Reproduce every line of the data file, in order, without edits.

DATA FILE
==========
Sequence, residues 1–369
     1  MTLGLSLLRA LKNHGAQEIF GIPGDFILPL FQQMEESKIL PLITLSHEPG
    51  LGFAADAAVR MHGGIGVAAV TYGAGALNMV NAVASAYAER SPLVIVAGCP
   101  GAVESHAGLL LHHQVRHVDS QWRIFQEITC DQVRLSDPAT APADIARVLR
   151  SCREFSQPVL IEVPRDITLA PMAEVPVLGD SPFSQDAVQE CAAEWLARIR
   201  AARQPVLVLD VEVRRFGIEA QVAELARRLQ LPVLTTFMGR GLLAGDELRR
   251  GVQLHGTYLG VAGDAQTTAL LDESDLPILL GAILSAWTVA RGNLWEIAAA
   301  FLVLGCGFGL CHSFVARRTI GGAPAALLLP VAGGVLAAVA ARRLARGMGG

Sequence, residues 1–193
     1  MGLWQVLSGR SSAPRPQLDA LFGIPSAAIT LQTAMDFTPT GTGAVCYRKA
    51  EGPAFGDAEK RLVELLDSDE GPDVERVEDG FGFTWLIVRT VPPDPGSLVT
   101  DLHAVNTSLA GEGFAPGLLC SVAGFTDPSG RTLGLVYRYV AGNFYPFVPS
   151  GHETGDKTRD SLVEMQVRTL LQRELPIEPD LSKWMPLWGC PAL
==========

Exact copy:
Sequence, residues 1–369
     1  MTLGLSLLRA LKNHGAQEIF GIPGDFILPL FQQMEESKIL PLITLSHEPG
    51  LGFAADAAVR MHGGIGVAAV TYGAGALNMV NAVASAYAER SPLVIVAGCP
   101  GAVESHAGLL LHHQVRHVDS QWRIFQEITC DQVRLSDPAT APADIARVLR
   151  SCREFSQPVL IEVPRDITLA PMAEVPVLGD SPFSQDAVQE CAAEWLARIR
   201  AARQPVLVLD VEVRRFGIEA QVAELARRLQ LPVLTTFMGR GLLAGDELRR
   251  GVQLHGTYLG VAGDAQTTAL LDESDLPILL GAILSAWTVA RGNLWEIAAA
   301  FLVLGCGFGL CHSFVARRTI GGAPAALLLP VAGGVLAAVA ARRLARGMGG

Sequence, residues 1–193
     1  MGLWQVLSGR SSAPRPQLDA LFGIPSAAIT LQTAMDFTPT GTGAVCYRKA
    51  EGPAFGDAEK RLVELLDSDE GPDVERVEDG FGFTWLIVRT VPPDPGSLVT
   101  DLHAVNTSLA GEGFAPGLLC SVAGFTDPSG RTLGLVYRYV AGNFYPFVPS
   151  GHETGDKTRD SLVEMQVRTL LQRELPIEPD LSKWMPLWGC PAL